Yet by the end of the film that man is a figure of authority, the head of a facility charged with the care of its patients. And even still, the possibility of his demented nature remains.
Incidentally, the plot twist about the mental asylum had been forced on Janowitz and Mayer by the producers upon suggestion by Fritz Lang; the writers had wanted the story to be a fairly direct warning about the dangers of the authoritarian impulse.
Still, because they never let go of the feeling of uncertainty in terms of what was going on, or of the notion that Herr Caligari might indeed still be a figure of malevolence, their finished product was even better than the original vision: a potent evocation of fragile stability in civilized society.
Not a simple fable wrapped in extravagantly odd clothing, but an uncomfortable glimpse into the more absurd and nightmarish aspects of the modern world.
So, maybe a Munch painting come to life, but also a Kafka story rendered into a visual medium. A work that perfectly captured the cultural tensions of its time, both as a way to process the immediate past, and to foreshadow further nightmares to come.
“One morning, upon awakening from agitated dreams, Gregor Samsa found himself, in his bed, transformed into a monstrous vermin.”— Franz Kafka, The Metamorphosis, 1915
Kafka’s The Metamorphosis also speaks to the delicate fragility of one’s status in such a rigid and logical bureaucratic society. Like the writers of Caligari, Kafka was from Prague, and he was similarly affected by the chaos of the war. No doubt his Jewish heritage also informed his sense that the systems of German society could easily devour him if they so wished.
And soon enough, those societal systems would be tested again.
A charismatic man would come to wake the nation’s sleeping beast once more. Adolph Hitler joined the National Socialist Party in 1921, and already he was riling up crowds of people, imploring them to seize power and to keep the government free from the influence of Jews, communists, and other malign forces. He blamed Germany’s weakness on decadence, on liberal effeminacy, and on the subversive excesses of the intellectual and artistic elites.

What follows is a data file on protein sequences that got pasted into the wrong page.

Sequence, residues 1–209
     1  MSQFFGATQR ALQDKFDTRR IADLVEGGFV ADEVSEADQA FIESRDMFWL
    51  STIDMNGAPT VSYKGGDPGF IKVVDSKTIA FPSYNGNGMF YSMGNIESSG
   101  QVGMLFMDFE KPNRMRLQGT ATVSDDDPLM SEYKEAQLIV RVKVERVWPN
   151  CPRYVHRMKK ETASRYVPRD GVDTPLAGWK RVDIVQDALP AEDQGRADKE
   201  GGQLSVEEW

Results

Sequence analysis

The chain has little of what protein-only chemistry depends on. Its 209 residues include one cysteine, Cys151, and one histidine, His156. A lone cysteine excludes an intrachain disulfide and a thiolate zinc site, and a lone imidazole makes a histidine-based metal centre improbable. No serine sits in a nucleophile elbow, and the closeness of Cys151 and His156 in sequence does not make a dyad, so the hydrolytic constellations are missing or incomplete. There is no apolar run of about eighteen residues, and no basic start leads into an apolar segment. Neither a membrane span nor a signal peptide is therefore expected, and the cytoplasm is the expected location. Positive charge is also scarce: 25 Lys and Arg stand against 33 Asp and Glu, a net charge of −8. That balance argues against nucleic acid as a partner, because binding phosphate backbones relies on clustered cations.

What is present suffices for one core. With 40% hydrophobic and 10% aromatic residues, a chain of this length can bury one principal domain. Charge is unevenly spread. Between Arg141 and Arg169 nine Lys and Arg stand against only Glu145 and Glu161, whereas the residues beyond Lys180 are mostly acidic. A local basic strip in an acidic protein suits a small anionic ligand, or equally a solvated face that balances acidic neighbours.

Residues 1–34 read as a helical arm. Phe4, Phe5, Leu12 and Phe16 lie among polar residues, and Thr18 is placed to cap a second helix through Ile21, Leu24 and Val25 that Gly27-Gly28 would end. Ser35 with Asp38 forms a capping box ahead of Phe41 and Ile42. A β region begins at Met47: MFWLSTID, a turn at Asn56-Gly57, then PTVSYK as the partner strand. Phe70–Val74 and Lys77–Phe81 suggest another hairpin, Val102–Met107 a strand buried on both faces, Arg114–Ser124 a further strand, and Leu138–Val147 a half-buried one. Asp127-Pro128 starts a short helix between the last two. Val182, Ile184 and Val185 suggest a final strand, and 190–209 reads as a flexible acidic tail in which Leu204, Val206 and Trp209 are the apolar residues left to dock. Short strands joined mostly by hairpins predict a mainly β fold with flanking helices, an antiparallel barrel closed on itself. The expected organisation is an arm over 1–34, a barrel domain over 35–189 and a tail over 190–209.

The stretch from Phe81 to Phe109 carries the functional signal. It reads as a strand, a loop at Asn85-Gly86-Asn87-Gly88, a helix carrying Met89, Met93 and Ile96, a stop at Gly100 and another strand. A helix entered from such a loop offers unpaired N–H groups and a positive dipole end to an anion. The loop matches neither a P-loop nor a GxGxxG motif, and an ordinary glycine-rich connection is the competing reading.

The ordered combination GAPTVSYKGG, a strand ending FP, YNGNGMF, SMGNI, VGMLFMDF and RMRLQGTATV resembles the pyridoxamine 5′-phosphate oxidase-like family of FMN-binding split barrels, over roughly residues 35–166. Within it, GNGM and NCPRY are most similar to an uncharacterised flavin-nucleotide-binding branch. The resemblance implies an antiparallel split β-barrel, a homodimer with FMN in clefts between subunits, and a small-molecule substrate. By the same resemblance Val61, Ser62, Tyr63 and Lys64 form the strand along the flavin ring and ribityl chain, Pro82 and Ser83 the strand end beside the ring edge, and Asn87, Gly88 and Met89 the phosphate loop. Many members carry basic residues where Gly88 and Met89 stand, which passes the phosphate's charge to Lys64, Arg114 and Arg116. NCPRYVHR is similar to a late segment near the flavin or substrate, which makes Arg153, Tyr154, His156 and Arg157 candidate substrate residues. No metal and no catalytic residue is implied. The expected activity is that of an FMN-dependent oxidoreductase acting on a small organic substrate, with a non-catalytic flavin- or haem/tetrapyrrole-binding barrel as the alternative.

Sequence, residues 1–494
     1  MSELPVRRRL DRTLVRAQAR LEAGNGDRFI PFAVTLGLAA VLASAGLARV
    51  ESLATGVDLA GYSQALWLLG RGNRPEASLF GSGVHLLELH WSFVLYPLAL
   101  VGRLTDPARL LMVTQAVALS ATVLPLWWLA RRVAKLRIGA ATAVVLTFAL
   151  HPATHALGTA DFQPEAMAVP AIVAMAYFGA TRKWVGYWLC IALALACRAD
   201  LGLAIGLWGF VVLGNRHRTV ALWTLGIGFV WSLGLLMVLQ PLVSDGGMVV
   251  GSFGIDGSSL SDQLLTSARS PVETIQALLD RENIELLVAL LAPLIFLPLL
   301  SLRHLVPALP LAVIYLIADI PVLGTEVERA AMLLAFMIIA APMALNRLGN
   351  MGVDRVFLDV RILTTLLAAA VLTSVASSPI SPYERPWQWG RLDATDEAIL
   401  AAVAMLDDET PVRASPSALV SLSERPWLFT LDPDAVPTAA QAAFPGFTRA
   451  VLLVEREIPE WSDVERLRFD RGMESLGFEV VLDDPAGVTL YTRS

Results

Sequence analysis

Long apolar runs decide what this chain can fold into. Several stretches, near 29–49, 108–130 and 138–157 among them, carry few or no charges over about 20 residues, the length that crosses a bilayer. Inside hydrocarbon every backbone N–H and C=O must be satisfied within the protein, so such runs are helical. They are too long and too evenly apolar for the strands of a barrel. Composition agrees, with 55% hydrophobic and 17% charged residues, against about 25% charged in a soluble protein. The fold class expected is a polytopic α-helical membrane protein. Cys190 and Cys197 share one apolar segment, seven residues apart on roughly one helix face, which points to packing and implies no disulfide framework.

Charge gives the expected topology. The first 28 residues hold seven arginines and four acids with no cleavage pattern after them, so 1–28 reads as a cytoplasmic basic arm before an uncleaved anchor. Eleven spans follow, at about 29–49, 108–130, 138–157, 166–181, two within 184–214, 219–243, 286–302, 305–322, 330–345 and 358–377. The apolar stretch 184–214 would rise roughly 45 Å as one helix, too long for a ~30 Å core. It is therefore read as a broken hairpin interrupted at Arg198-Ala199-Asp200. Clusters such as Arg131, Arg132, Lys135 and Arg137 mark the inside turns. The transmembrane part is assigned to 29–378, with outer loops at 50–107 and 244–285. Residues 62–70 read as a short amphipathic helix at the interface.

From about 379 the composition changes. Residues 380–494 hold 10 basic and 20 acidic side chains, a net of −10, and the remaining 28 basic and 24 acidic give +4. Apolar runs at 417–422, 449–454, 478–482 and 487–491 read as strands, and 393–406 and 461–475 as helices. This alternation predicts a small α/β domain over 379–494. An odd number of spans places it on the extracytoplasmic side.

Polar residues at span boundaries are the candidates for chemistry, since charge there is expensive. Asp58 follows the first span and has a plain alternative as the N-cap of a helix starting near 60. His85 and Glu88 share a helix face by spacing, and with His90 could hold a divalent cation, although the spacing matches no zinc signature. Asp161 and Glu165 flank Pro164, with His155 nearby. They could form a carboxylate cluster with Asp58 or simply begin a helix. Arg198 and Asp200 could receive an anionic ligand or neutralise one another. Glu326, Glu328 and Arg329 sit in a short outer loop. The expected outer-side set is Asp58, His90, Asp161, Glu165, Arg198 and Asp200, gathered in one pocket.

And despite the noble intentions of the Weimar Republic, the systems they put up ultimately would not endure this new test.
And the German people would find themselves sleepwalking into more war and chaos.
Those bureaucratic systems of order and civic function would start to serve absurd and cruel purposes, some of them directly inspired by the eugenic policies of mental health advocates. And so the warped contortions of the town in Caligari rang truer than ever, as did the malevolent caretaker gaslighting his subjects into compliance.
If the writers had followed through on their original idea, perhaps all we would have in Dr. Caligari would be a visually sumptuous and rather flamboyant morality tale, one with an admittedly admirable lesson to convey, but little more than an early template for a Tim Burton film.
But because its story as well as its visual design came to embody this uneasy feeling of uncertainty in the modern world, well, now we have something far greater:
The first art film!
While Haxan embraced the naturalistic humanism of modernity, sometimes it makes more sense to get medieval, and to channel your inner holy fool.
Not unlike the many renditions of the trial of Joan of Arc, Dr. Caligari gives us the decidedly nonconformist notion that a person officially declared to be demon-possessed, or insane, might, in fact, be the hero of the story.
Can I get an amen?